Give to good causes, but not via telemarketers

What would charitable organizations and other non-profits do without the holiday season? Many groups bring in more donations during December than during any other month of the year. Without holiday giving, meeting basic expenses would be a challenge. If you get a mailing from a group you support, I encourage you to give what you can afford.

Responding to telephone solicitations isn't such a good idea, as Lee Rood reported in the Sunday Des Moines Register:

The vast majority of donations raised by phone or mail by professional fundraisers in Iowa winds up in the hands of professional fundraising companies, a Des Moines Register investigation found.

The Register's examination of more than 80 professional fundraisers serving more than 500 charities - often for little-known nonprofits but sometimes for well-known charities - also shows:

- The median percentage of proceeds that wind up with a charity is about 24 percent, according to reports to Iowa's attorney general by fundraisers that made disclosures in 2007. Just five charities received more than 75 percent of the proceeds from fundraising campaigns.
- About a half-dozen fundraising companies continue to do business in Iowa even though they have been subject to cease-and-desist orders, hefty fines and multiple court actions for breaking solicitation rules or financial disclosure laws, or for deceiving would-be donors. (See related article on this page.)

- Many of the charities that benefit from the fundraising are poorly rated by watchdog groups or give a tiny fraction to the individuals or groups that solicitors claim donations will benefit.

[...] documents filed with the state show Aria Communications, a St. Cloud, Minn., company that boasts it has an overall return of 77 percent to charities, actually charged two nonprofits more money last year than it managed to raise.

Aria raised $27,678 for the Sierra Club, but charged the California-based nonprofit $30,159 in fees and expenses, according to information the company filed at the Iowa attorney general's office.

The whole article and related sidebar are worth reading. If you want to support a group such as the Sierra Club, find the organization's address on the web or in the phone book and mail a check. That way your full donation will go to a good cause, instead of paying mostly for telemarketer fees.

Here's a link to the Charity Navigator website in case you want to look up a group before you donate.

Speaking of telemarketers, a funny story appeared in the Register a few days ago:

Gov. Chet Culver told Iowa school administrators a story on Monday about an experience he had with the New York Times early in his political career.

Culver, who ran for Iowa secretary of state in 1998, said shortly after he announced his candidacy, he received a telephone call from Bob Smith with the New York Times.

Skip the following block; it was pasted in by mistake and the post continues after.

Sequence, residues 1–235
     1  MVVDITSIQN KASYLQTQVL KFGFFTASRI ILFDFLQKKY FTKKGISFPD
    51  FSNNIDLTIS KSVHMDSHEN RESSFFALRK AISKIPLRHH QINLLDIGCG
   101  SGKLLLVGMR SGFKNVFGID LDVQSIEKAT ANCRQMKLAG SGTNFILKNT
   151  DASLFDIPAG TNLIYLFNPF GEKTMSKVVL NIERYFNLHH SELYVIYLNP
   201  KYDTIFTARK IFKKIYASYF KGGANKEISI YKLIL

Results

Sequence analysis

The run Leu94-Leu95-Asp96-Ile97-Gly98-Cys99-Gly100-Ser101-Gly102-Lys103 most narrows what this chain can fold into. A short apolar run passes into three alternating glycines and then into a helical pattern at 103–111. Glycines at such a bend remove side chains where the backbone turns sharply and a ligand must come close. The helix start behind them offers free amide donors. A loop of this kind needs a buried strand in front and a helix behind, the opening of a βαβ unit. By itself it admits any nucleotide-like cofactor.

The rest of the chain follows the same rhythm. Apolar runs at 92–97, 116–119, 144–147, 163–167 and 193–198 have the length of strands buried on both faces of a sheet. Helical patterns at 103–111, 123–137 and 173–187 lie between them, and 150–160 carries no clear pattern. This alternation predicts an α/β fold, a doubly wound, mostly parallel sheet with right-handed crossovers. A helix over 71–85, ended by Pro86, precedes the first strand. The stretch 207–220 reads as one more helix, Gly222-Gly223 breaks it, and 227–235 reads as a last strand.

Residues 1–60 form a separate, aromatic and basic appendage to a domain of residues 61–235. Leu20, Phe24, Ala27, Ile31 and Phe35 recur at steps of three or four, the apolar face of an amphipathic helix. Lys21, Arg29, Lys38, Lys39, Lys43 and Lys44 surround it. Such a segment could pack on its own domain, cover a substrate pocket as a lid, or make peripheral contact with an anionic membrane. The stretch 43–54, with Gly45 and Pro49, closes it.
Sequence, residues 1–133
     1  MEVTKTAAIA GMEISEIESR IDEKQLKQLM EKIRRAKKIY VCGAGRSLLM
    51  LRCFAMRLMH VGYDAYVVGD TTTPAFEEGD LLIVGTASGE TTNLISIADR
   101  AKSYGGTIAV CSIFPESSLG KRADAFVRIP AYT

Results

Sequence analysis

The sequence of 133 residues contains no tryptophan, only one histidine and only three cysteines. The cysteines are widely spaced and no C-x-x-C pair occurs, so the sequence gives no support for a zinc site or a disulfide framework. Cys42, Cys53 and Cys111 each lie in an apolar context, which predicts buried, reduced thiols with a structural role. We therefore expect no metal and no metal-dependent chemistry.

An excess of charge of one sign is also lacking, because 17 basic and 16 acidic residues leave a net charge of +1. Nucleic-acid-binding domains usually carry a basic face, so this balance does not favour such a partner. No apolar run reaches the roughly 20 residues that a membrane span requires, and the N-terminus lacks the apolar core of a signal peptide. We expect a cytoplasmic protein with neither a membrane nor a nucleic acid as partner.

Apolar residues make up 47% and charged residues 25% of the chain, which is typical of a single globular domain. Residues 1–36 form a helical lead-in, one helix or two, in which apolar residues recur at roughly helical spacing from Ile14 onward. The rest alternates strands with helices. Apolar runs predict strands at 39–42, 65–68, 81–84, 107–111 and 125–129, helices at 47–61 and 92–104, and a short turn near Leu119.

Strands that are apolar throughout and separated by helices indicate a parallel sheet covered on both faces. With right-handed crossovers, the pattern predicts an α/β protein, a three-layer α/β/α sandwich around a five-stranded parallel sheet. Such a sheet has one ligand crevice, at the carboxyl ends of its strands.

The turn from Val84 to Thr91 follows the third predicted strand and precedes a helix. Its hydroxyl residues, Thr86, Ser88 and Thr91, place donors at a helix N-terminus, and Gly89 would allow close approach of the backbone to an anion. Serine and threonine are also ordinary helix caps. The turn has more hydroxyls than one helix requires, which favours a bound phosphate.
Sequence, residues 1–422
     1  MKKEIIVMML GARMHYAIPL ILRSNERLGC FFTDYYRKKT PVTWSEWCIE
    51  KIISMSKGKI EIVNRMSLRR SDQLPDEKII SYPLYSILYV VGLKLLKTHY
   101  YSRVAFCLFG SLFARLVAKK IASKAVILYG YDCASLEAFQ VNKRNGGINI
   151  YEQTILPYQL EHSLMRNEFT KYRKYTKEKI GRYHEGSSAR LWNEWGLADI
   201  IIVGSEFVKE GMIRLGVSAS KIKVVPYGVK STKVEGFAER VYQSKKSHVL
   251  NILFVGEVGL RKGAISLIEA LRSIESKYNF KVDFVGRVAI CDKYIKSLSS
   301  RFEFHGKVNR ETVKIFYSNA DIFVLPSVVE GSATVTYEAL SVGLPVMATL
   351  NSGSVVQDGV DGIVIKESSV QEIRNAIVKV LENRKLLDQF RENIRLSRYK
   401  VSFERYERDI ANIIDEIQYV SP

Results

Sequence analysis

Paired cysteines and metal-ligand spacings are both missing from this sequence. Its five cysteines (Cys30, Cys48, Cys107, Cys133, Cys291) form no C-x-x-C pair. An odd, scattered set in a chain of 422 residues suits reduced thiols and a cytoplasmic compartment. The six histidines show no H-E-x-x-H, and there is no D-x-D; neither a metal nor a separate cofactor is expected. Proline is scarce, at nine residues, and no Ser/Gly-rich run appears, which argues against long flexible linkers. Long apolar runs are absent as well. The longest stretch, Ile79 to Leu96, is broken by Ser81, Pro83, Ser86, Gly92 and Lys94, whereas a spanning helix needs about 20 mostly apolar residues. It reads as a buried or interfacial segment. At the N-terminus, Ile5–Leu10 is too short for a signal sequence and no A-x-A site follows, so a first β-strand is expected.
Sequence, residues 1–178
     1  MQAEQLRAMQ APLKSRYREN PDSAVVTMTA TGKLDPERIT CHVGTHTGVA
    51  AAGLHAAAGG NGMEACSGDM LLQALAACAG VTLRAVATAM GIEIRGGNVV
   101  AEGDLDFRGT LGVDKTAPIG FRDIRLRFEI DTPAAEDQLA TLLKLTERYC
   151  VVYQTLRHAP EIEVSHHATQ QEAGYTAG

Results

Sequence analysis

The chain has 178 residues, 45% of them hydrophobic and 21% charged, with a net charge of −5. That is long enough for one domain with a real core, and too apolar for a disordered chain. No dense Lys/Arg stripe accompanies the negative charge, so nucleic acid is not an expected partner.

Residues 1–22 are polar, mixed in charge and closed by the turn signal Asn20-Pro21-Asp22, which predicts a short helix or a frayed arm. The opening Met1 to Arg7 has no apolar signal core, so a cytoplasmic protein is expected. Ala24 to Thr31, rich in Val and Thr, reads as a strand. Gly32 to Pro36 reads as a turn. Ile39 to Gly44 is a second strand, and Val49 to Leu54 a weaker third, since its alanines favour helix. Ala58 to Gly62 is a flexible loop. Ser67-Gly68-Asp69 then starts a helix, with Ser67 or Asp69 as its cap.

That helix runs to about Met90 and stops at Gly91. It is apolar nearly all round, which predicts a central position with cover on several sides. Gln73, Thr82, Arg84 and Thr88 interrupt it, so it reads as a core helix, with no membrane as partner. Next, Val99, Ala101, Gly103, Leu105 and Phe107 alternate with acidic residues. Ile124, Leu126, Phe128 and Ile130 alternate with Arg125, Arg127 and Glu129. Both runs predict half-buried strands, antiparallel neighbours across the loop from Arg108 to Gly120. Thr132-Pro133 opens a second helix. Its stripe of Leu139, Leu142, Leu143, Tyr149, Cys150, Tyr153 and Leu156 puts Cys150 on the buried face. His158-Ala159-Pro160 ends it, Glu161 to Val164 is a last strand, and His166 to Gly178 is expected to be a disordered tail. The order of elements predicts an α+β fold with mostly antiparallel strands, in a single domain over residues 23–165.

Culver said he was surprised a reporter from the newspaper was calling him when he hadn't yet done an interview with The Des Moines Register or other media outlets in the state.

Culver said he asked Smith if he could call him back, and the man said yes. The governor said he was relieved because it would give him more time to prepare for an interview. He asked Smith what he wanted to talk to him about.

"This is regarding your Sunday subscription to the New York Times," Smith told him.

Tags: charitable giving, charity, Chet Culver, Fraud, Iowa, non-profit organizations, Sierra Club, telemarketers, telemarketing (all tags)



Re: Give to good causes, but not via telemarketers

The story about Chet Culver reminds me of this clip from Seinfeld: 6w

Thanks for posting on the telemarketers. While I don't want to take any money away from someone who is working, even on the phones, the we reason we donate is to give to the charity, not to the middleman.

In campaigns, I've worked with professional fundraisers who take a percentage of what they generate. This arrangement has been very good for both parties.

by dannybauder 2008-12-14 11:48AM | 0 recs
Re: Give to good causes, but not via telemarketers

If the caller notifies me that the "call will be recorded for quality control purposes", then I know that they are from a separate company employed to raise money for the organization and have no qualms being curt with them and hanging up in less than 3 seconds.

Usually I hang on long enough to determine whether it's a volunteer - they don't deserve rough treatment.

by PeterB 2008-12-14 12:31PM | 0 recs
Another Perspective

Evalulating a charity requires more than either a) telemarketing or not and b) numbers and ratios.  Those are the means used by Charity Navigator and others that "rate" charities.  Those means tend to favor large established charities, such as the American Cancer Society, that have huge endowments, get a lot of bequests, and do not have to use telemarketers.  It disfavors smaller, more focused, charities, and those just getting started.